Look Inside Donald Judd’s Home, Studio, And Muse

Donald Judd believed fiercely in the idea that art should be installed permanently. 101 Spring Street was the place where he put those ideas into practice, and now it’s opening up to the public.

In November of 1968, the artist Donald Judd bought 101 Spring St., a five-story cast-iron building in what would soon become known as the SoHo neighborhood in New York City. At the time, the area was derelict and the building was in disrepair. Judd wanted to clean up the property–he planned to use the address as his residence and studio–but his vision for the renovation was as restrained as his art. “I thought the building should be repaired and basically not changed,” he wrote years later.


Instead of reconfiguring the interior, Judd poured his energy into his own unique brand of interior design, searching tirelessly for furniture, art, and other objects that would complement the original space–and vice versa. Over the course of several years, floor by floor, Judd settled on a series of “permanent installations” for the building, including his own works and those of other notable artists. Now, after an exhaustive three-year restoration, the minimalist monument is finally open to the public.

On one level, 101 Spring Street is fascinating simply as a glimpse into the private space of an important artist. Just like looking at photographs of Picasso’s studio or the Eames House in California make us feel closer to those great minds, you can see 101 Spring Street as an embodiment of Judd’s life and work. It’s Donald Judd in his purest form.

But at the same time, the building is different from those other places. In a way, you could say it’s a work of art itself. For 101 Spring Street was the first canvas for one of Judd’s most consuming artistic projects, that of the permanent installation. It’s something he would investigate on a much larger scale at his sprawling site in Marfa, Texas–essentially the idea is an artwork’s surroundings shaped how it would be viewed. Judd thought museums, ever-changing and susceptible to the whims of curators and directors, weren’t permanent enough for this purpose. So he approached Spring Street as a sort of hermetically sealed museum of his own. He explained the process in Architektur, in 1989:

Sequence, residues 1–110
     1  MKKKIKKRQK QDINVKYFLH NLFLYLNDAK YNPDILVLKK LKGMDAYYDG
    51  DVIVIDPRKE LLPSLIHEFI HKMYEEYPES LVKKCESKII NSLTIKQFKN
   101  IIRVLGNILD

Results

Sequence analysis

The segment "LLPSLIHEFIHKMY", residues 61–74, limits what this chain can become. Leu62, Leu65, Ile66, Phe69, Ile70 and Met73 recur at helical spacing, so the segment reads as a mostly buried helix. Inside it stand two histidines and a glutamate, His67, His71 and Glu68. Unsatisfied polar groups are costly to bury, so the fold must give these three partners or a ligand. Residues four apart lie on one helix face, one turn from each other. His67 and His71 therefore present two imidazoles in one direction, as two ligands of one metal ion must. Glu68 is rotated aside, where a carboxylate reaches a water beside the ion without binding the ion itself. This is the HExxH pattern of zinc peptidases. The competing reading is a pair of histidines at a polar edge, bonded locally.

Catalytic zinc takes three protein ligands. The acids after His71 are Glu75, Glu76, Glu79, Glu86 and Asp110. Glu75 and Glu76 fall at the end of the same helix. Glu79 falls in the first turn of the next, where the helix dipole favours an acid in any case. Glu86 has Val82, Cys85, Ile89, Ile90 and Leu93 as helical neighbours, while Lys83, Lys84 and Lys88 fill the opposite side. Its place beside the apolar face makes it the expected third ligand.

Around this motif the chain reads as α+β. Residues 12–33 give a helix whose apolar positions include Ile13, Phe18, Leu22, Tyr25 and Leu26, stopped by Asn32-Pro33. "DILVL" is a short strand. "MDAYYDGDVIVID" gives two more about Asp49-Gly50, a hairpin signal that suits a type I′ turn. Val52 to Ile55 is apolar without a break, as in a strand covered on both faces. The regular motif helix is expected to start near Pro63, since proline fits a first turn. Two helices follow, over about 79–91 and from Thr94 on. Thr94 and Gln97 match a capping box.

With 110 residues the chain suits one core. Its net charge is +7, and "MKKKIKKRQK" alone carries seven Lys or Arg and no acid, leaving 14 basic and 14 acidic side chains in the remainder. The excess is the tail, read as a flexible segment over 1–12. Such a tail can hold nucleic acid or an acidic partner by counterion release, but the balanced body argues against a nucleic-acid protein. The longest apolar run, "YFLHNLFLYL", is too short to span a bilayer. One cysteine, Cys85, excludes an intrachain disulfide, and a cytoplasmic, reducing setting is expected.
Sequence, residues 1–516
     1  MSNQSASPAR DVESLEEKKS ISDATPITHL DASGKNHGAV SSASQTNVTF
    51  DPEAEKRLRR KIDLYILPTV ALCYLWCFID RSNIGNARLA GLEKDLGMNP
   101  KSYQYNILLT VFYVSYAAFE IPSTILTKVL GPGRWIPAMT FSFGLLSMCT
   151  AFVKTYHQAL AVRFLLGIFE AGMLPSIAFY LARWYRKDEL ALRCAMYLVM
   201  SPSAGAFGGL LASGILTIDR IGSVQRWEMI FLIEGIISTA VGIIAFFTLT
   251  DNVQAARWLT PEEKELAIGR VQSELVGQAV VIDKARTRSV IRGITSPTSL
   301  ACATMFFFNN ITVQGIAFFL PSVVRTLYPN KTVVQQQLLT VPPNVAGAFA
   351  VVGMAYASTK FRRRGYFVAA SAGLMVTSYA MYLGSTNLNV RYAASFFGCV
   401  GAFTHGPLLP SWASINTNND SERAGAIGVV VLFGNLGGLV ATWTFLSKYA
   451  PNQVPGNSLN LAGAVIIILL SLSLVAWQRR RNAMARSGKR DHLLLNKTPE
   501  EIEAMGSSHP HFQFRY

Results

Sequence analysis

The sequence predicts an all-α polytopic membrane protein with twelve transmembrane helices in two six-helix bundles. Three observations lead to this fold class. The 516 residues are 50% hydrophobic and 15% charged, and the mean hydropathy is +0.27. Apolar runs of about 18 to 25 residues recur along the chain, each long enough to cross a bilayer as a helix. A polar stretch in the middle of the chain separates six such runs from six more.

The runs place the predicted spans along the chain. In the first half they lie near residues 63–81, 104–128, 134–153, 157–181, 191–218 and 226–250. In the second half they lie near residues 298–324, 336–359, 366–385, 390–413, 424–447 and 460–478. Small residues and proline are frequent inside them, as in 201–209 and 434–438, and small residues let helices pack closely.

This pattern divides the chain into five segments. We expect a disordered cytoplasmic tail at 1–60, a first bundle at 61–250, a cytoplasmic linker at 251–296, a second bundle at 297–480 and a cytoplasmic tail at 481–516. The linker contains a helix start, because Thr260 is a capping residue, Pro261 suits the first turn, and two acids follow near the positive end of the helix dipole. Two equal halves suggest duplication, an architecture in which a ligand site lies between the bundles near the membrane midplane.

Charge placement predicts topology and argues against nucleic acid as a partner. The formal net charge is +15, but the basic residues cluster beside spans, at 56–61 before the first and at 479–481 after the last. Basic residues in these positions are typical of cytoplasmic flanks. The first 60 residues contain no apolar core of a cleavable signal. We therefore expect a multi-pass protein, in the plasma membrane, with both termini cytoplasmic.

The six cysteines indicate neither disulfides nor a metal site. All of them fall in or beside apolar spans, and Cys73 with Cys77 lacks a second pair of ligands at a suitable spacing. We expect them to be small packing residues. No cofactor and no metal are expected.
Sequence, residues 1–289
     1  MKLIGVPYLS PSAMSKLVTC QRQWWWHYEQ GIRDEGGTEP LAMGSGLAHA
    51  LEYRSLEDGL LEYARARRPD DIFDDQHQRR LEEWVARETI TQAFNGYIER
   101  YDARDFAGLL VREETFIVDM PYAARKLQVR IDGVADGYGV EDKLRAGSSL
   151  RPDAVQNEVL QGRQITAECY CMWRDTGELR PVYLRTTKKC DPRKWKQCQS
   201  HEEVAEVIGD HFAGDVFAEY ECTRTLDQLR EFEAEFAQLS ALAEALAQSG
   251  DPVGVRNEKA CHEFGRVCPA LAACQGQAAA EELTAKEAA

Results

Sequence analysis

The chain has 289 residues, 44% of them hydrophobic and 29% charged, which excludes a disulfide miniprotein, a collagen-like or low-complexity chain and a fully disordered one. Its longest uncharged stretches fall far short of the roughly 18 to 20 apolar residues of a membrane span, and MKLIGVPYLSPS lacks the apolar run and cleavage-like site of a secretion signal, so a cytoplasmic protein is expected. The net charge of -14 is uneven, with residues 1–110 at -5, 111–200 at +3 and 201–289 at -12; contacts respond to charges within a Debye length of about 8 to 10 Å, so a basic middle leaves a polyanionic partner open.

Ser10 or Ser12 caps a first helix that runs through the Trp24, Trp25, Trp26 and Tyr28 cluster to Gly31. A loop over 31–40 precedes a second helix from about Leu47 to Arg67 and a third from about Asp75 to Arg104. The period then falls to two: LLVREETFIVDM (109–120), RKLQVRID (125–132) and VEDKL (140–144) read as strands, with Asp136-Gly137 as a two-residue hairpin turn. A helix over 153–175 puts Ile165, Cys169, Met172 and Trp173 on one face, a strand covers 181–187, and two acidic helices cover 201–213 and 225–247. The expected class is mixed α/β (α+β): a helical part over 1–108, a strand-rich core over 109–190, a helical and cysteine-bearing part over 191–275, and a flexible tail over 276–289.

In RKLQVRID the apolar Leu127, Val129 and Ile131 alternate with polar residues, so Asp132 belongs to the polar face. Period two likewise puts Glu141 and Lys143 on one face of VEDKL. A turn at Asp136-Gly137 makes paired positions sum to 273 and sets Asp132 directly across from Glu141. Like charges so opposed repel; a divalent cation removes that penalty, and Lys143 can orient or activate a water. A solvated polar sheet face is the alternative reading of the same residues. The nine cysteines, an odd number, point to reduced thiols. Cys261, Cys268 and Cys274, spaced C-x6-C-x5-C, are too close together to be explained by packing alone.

The given circumstances were very simple: the floors must be open; the right angle of windows on each floor must not be interrupted; and any changes must be compatible. My requirements were that the building be useful for living and working and more importantly, more definitely, be a space in which to install work of mine and of others. At first I thought the building large, but now I think it small; it didn’t hold much work after all. I spent a great deal of time placing the art and a great deal designing the renovation in accordance. Everything from the first was intended to be thoroughly considered and to be permanent, as, despite several, it still is.

Judd took great pains in his role as curator. The site ultimately included artworks by Jean Arp, Carl Andre, Larry Bell, John Chamberlain, Stuart Davis, Marcel Duchamp, Dan Flavin, David Novros, Claes Oldenburg, Ad Reinhardt, Lucas Samaras, Kurt Schwitters, and Frank Stella, among others. The furnishings include pieces by Alvar Aalto, Michael Thonet, and Gerrit Rietveld.

But 101 Spring Street wasn’t just a residence and studio. It was also a muse. In a 1977 essay titled “In Defense Of My Work,” Judd explained how his installations there informed later works. “The interrelation of the architecture of 101 Spring Street, its own and what I’ve invented, with the pieces installed there, has led to many of my newer, larger pieces, ones involving whole spaces,” he wrote. “Several main ideas have come from thinking about the space and situation of that building.”

In that essay, the defense Judd was mounting wasn’t against critics. It was against galleries and dealers and tax collectors and governments–the institutions that, with ill intentions or not, often end up moving art to and fro, like money from bank account to bank account. For Judd, 101 Spring Street was the defense. It was, he writes, a way to “make my work last in its first condition.”


It was, in short, a place that he’d be glad to see so painstakingly preserved. “My work and that of others is often exhibited badly and always for short periods,” he wrote in that same essay. “Somewhere there has to be a place where the installation is well done and permanent.” There is. It’s at the corner of Spring and Mercer, and now you can tour it for yourself.

101 Spring Street opens June 18. Read more here.